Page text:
Introduction to the verb cahoter
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The English translation of the French verb cahoter is “to jolt” or “to bump”. It is pronounced as “kah-oh-tay”.
The origin of the word cahoter comes from the Old French word “cahoute” which means “rough or uneven motion”. It is most often used in everyday French in the Subjonctif Imparfait tense, which is a past tense used to express a hypothetical or uncertain action in the past.
Here are 3 examples of cahoter used in the Subjonctif Imparfait tense with their respective English translations:
- Il fallait que je cahotasse dans les rues pour trouver la bonne adresse. (I had to jolt through the streets to find the right address.)
- Nous n’étions pas sûrs que le train cahotât autant pendant le voyage. (We weren’t sure if the train would jostle so much during the trip.)
- Elle craignait que sa voiture ne cahotât sur la route en mauvais état. (She was afraid her car would bump on the bumpy road.)
Table of the Subjonctif Imparfait (Subjunctive Imperfect) Tense Conjugation of cahoter
||Si je cahotasse, je serais malade.
||If I were to experience rough motion, I would get sick.
||Si tu n’avais pas de lunettes, tu cahotasses beaucoup.
||If you didn’t have glasses, you would stumble a lot.
||Il serait surpris si il cahotât en voiture.
||He would be surprised if he experienced turbulence in the car.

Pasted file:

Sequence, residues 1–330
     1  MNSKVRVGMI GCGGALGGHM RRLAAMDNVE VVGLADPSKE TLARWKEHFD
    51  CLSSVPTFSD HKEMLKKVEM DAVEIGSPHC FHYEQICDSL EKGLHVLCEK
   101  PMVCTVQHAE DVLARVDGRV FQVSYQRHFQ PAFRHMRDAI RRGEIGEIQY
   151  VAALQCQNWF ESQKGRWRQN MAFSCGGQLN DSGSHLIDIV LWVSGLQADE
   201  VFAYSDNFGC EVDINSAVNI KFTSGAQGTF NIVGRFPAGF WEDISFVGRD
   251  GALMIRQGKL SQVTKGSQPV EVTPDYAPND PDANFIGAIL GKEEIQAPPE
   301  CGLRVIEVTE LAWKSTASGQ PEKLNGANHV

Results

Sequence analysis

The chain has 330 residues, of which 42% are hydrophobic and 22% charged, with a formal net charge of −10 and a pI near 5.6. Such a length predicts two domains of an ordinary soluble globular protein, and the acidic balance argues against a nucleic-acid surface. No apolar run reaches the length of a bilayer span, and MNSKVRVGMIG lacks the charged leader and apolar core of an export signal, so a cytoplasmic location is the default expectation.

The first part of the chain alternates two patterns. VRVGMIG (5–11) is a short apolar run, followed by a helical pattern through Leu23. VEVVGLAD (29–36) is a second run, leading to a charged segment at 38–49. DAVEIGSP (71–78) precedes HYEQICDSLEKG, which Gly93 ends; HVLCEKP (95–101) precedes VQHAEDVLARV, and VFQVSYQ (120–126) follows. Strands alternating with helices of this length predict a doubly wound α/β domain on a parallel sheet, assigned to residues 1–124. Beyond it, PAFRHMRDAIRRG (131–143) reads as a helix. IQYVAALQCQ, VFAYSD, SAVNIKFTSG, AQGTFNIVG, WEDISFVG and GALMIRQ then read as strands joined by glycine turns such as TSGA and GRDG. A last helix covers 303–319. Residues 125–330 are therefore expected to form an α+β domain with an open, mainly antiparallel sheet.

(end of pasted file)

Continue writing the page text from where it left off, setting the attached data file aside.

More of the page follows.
||Elle se sentirait mieux si elle cahotât moins.
||She would feel better if she experienced less jolting.
||Si on cahotât moins, ça serait plus confortable.
||If one experienced less jolting, it would be more comfortable.
||Si nous cahotassions ensemble, ça serait moins fatigant.
||If we experienced jolting together, it would be less tiring.
||Si vous cahotassiez moins, vous auriez moins mal à la tête.
||If you experienced less jolting, you would have less of a headache.
||S’ils ne cahotassent pas autant, ils pourraient conduire plus vite.
||If they didn’t experience as much jolting, they could drive faster.
||Si elles cahotassent toutes les deux, elles se tiendraient la main.
||If they both experienced jolting, they would hold hands.
Other Conjugations for Cahoter.
Le Present (Present Tense) Conjugation of the French Verb cahoter
Imparfait (Imperfect) Tense Conjugation of the French Verb cahoter
Passé Simple (Simple Past) Tense Conjugation of the French Verb cahoter
Passé Composé (Present Perfect) Tense Conjugation of the French Verb cahoter
Futur Simple (Simple Future) Tense Conjugation of the French Verb cahoter
Futur Proche (Near Future) Tense Conjugation of the French Verb cahoter
Plus-que-parfait (Pluperfect) Tense Conjugation of the French Verb cahoter
Passé Antérieur (Past Anterior) Tense Conjugation of the French Verb cahoter
Futur Antérieur (Future Anterior) Tense Conjugation of the French Verb cahoter
Subjonctif Présent (Subjunctive Present) Tense Conjugation of the French Verb cahoter
Subjonctif Passé (Subjunctive Past) Tense Conjugation of the French Verb cahoter
Subjonctif Imparfait (Subjunctive Imperfect) Tense Conjugation of the French Verb cahoter (this article)
Subjonctif Plus-que-parfait (Subjunctive Pluperfect) Tense Conjugation of the French Verb cahoter
Conditionnel Présent (Conditional Present) Tense Conjugation of the French Verb cahoter
Conditionnel Passé (Conditional Past) Tense Conjugation of the French Verb cahoter